KYOTO, Japan--(BUSINESS WIRE)--The Inamori Foundation today announced the 30th annual Kyoto Prize laureates: two pioneering researchers from the U.S. and one Japanese artist. Dr. Robert Langer, a biomedical engineer and Institute Professor at Massachusetts Institute of Technology (MIT), will receive the Advanced Technology prize in the field of Biotechnology and Medical Technology; Dr. Edward Witten, Charles Simonyi Professor at the Institute for Advanced Study (IAS), will receive the Basic Sciences prize in the field of Mathematical Sciences; and artist Fukumi Shimura, designated by the Japanese government as a “living national treasure,” will receive the Arts and Philosophy prize in the field of Arts.
The Kyoto Prize is Japan’s highest private award for global achievement, created by noted philanthropist Dr. Kazuo Inamori. At a November 10, 2014 ceremony in Kyoto, Japan, each laureate will receive a diploma, a 20-karat gold Kyoto Prize medal and a cash gift of 50 million yen (approximately $500,000).
The 2014 Kyoto Prize Laureates
Biomedical engineer Dr. Robert Langer, 65, is a founder of the field of tissue engineering and creator of revolutionary drug delivery system (DDS) technologies. Tissue engineering is indispensable for the implementation of regenerative medicine. Dr. Langer’s technique applies biodegradable polymer technologies to construct “scaffolds” for cell growth, contributing to the regeneration of tissues and organs. He has also developed DDS technologies for the controlled release of proteins, nucleic acids, and other macromolecular drugs. He holds more than 800 patents and is actively involved in promoting the practical application of his discoveries as a leader in the interdisciplinary advancement of medicine and engineering.
Theoretical physicist Dr. Edward Witten, 62, has made outstanding contributions to mathematical science through his exploration of superstring theory. Dr. Witten has served as a leader in the theory’s dramatic evolution for more than 30 years. Superstring theory seeks to unify scientific understanding of the various physical forces that exist within the universe, offering promise to create what physicists have termed a “theory of everything” — one all-encompassing, coherent theoretical framework that offers an integrative perspective of how our universe is constructed. By applying his physical intuition and mathematical skills, Dr. Witten has advanced not only the study of physics, but also mathematics, inspiring new and cutting-edge research by many mathematicians worldwide.
Artist Ms. Fukumi Shimura, 89, has demonstrated artistic creativity for over half a century in her work with tsumugi kimonos. One of the characteristics of her work is her insistence on using very particular colors and plant dyes. Utilizing an extraordinarily colorful range of plant-dyed yarns as her visual vocabulary, and unleashing her imagination to improvise an infinite resonance of colors over canvases of tsumugi kimonos, she established her own original style of art and developed a radically new sense of beauty. To create a wide variety of colors that look virtually natural, she has constantly communicated with nature and deeply meditated “to weave human existence into nature.” She remains actively engaged in all aspects of her art, dedicating great effort to educating the younger generation. She founded an art school, Ars Shimura, together with her daughter Yoko last year. The school is a medium through which to show her “respect for, and appreciation of, nature” to the youth of the world. It is this sense of mission that drove her to move forward and take on new challenges even in her late 80s.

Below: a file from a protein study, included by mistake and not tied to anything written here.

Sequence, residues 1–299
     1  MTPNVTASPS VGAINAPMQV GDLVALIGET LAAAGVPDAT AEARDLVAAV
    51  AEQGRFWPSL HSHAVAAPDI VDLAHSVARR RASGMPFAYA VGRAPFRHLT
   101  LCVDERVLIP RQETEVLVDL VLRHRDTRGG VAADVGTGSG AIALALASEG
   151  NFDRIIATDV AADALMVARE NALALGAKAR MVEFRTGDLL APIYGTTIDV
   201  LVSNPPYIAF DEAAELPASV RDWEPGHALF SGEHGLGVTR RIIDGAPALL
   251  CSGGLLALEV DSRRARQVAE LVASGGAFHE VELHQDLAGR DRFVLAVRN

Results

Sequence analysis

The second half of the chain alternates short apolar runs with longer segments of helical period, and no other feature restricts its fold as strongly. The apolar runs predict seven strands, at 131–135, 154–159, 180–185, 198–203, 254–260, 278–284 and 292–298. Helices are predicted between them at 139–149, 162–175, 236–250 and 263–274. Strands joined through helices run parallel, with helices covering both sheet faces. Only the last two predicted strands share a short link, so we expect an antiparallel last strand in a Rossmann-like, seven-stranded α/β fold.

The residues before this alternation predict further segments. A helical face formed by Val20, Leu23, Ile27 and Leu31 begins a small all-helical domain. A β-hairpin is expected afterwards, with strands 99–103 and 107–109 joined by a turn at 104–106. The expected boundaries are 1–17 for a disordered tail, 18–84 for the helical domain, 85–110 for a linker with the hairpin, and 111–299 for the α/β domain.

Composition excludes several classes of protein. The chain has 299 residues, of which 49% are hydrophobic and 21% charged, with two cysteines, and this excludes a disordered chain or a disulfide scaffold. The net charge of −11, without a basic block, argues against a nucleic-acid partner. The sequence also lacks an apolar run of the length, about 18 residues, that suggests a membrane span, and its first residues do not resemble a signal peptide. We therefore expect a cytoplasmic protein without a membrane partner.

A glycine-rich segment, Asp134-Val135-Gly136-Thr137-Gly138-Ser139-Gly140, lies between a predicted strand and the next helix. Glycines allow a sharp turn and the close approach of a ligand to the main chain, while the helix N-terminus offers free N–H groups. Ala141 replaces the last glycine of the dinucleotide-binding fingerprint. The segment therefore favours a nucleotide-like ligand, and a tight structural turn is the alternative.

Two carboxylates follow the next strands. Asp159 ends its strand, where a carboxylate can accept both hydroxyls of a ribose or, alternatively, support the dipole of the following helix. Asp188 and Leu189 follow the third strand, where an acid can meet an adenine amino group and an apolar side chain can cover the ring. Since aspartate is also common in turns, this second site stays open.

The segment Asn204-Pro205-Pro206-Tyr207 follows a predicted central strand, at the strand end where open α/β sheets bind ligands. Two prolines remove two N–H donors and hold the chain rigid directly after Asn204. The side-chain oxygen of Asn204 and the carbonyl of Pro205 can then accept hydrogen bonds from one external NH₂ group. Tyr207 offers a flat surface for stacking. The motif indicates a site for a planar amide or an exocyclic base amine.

About the Inamori Foundation and the Kyoto Prize
The Kyoto Prize is an international award bestowed by the non-profit Inamori Foundation to honor those who have contributed significantly to the scientific, cultural, and spiritual betterment of humankind. The Foundation was established in 1984 by Dr. Kazuo Inamori, founder and chairman emeritus of Kyocera Corporation, founder of and honorary adviser to KDDI Corporation, and chairman emeritus of Japan Airlines. Inamori created the Kyoto Prize in 1985, in line with his belief that human beings have no higher calling than to strive for the greater good of society, and that the future of humanity can be assured only when there is a balance between our scientific progress and our spiritual depth. With the 2014 laureates, the prize has honored 96 individuals and one foundation — collectively representing 16 nations. Individual laureates range from scientists, engineers and researchers to philosophers, painters, architects, sculptors, musicians and film directors. The United States has produced the most recipients (41), followed by Japan (17), the United Kingdom (12), and France (8). More information can be found at http://www.inamori-f.or.jp/index_e.html.